A few weeks after President Trump gave the go-ahead for renewed efforts to build the Keystone XL Pipeline, developer TransCanada said it is seeking approval for a route through Nebraska.
The pipeline would stretch from Canada through Montana, South Dakota and into Nebraska where it would connect to existing pipelines to carry oil south to Cushing, Oklahoma. TransCanda has filed an application with the Nebraska commission that regulates oil pipelines.
“This application has been shaped by direct, on-the-ground input from Nebraskans,” said Russ Girling, TransCanada’s CEO. “The thousands of Nebraskans we have met over the last eight years understanding the value of this project and what it means to the state.”
Girling said the route would avoid an area the state defines as the Nebraska Sandhills, a region of grass-covered dunes with high water tables.
But TransCanda will face opposition from environmentalists. One group called Bold Nebraska says it plans a letter-writing campaign aimed at the Nebraska Public Service commission which will review the project. The five-member board includes four Republicans and one Democrat.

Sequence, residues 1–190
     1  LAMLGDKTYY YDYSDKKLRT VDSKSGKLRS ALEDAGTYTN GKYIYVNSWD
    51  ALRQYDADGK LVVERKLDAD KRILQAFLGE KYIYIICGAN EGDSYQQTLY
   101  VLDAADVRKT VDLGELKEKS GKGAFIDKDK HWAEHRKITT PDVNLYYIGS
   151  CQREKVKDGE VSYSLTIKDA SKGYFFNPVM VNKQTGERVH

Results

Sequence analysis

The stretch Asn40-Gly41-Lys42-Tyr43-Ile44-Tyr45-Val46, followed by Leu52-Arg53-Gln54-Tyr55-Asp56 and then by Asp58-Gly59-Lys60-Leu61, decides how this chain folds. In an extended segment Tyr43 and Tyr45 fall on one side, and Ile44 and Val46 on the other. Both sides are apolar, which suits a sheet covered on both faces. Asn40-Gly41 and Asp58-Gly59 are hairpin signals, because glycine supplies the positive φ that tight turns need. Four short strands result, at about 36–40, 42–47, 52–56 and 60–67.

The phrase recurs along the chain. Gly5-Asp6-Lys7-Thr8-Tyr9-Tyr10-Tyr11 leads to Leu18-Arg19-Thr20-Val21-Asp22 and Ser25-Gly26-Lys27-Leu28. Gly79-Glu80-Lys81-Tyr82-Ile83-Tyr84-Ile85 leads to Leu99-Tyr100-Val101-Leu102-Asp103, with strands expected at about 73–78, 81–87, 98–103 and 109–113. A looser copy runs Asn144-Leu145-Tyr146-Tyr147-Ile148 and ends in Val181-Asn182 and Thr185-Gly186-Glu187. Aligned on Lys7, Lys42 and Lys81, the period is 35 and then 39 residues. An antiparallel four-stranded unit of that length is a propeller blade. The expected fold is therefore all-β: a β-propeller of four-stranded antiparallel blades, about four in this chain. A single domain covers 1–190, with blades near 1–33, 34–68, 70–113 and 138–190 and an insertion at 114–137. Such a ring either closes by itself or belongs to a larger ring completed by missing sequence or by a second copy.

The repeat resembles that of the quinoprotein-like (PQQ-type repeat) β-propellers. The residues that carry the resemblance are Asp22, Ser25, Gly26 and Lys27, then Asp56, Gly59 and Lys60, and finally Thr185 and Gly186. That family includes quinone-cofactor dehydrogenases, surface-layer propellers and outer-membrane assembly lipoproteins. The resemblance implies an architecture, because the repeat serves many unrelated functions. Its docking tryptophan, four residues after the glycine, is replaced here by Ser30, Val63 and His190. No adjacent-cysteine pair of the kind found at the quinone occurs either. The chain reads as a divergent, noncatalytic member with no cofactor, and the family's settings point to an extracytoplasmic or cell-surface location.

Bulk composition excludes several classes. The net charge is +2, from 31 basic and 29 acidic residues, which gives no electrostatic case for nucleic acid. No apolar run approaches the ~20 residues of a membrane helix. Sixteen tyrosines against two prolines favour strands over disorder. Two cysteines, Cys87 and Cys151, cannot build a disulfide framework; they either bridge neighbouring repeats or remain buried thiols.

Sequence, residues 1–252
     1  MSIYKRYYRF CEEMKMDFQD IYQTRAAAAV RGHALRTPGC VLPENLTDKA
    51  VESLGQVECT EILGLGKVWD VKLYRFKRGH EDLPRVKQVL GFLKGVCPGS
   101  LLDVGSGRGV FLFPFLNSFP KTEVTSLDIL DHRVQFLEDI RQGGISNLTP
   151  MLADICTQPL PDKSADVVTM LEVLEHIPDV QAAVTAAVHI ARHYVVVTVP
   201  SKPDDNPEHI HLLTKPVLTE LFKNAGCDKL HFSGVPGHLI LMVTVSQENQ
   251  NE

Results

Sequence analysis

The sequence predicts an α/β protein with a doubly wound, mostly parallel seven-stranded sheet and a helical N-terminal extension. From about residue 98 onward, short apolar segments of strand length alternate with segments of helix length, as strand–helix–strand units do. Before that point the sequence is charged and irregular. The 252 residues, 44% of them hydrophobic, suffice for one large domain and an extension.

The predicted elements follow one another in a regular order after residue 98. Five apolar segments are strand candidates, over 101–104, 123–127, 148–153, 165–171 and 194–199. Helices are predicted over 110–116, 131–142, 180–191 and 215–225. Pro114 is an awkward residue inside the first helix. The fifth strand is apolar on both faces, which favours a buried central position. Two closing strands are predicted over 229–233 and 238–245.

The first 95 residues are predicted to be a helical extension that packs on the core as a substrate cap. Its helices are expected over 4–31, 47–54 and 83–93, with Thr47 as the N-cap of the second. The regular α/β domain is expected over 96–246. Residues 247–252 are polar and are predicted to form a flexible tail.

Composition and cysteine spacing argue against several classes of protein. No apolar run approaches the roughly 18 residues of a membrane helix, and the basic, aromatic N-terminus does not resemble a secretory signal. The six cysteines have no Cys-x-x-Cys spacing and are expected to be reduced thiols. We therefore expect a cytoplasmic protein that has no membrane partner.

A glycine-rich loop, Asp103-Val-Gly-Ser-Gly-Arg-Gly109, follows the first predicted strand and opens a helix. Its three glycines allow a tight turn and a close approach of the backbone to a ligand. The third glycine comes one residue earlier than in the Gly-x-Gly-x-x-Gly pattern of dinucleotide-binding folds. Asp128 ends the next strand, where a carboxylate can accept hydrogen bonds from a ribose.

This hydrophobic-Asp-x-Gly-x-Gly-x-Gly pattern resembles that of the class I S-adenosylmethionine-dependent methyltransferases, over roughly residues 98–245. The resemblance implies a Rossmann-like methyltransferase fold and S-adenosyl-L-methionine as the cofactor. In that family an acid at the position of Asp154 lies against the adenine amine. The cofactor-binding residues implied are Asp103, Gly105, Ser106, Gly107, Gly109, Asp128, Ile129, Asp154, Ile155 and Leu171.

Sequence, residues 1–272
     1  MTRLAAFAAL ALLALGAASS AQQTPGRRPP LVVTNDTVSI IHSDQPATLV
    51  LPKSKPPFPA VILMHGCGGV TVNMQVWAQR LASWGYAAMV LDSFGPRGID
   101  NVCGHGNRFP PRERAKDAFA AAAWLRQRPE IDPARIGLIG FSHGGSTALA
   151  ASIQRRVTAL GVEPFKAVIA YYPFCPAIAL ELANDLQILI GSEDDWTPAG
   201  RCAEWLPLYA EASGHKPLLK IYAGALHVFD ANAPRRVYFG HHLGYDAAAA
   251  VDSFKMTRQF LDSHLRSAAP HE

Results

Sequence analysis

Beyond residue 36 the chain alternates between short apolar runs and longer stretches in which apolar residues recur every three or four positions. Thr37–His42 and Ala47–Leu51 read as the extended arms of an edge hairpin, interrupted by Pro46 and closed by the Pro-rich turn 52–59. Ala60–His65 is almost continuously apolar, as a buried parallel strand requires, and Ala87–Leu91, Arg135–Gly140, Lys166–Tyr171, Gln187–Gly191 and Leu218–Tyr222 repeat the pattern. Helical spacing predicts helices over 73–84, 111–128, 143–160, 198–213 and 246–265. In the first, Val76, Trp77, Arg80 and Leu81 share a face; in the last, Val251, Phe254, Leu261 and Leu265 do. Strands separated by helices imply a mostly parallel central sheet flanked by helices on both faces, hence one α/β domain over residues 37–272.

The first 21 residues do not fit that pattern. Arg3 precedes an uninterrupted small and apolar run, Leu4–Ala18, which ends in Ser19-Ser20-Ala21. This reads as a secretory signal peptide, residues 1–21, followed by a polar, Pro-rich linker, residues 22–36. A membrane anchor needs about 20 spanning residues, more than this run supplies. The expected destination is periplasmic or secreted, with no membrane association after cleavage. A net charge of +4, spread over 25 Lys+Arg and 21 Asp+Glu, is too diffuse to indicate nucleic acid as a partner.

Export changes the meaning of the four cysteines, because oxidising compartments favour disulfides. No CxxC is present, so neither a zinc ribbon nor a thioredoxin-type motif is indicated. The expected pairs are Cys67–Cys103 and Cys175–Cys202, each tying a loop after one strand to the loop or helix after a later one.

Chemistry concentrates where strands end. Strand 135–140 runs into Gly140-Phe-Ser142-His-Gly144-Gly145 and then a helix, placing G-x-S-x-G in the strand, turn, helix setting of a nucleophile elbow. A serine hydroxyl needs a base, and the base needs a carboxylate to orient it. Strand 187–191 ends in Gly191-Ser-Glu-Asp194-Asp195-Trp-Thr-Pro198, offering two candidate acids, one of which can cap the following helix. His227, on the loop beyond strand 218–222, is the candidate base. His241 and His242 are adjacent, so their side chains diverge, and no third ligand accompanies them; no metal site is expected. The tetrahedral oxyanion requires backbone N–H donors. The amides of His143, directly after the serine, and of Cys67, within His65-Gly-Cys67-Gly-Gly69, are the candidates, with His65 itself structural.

Opponents managed to slow the application approval the last time until President Obama stopped the project. The used lawsuits and activism against the Keystone.
“We have to be proactive as possible,” said Bond Nebraska’s State Director Linda Anderson. “But I think we can do it again.”
“It’s a very frightening prospect that a foreign corporation can use eminent domain against landowners for their private gain,” said Kleeb, the director of an umbrella group that includes Bold Nebraska.
Kleeb said 82 landowners in Nebraska still haven’t agreed to let the pipeline run through their property. TransCanada has said it has secured agreements with roughly 90 percent of the state’s property owners.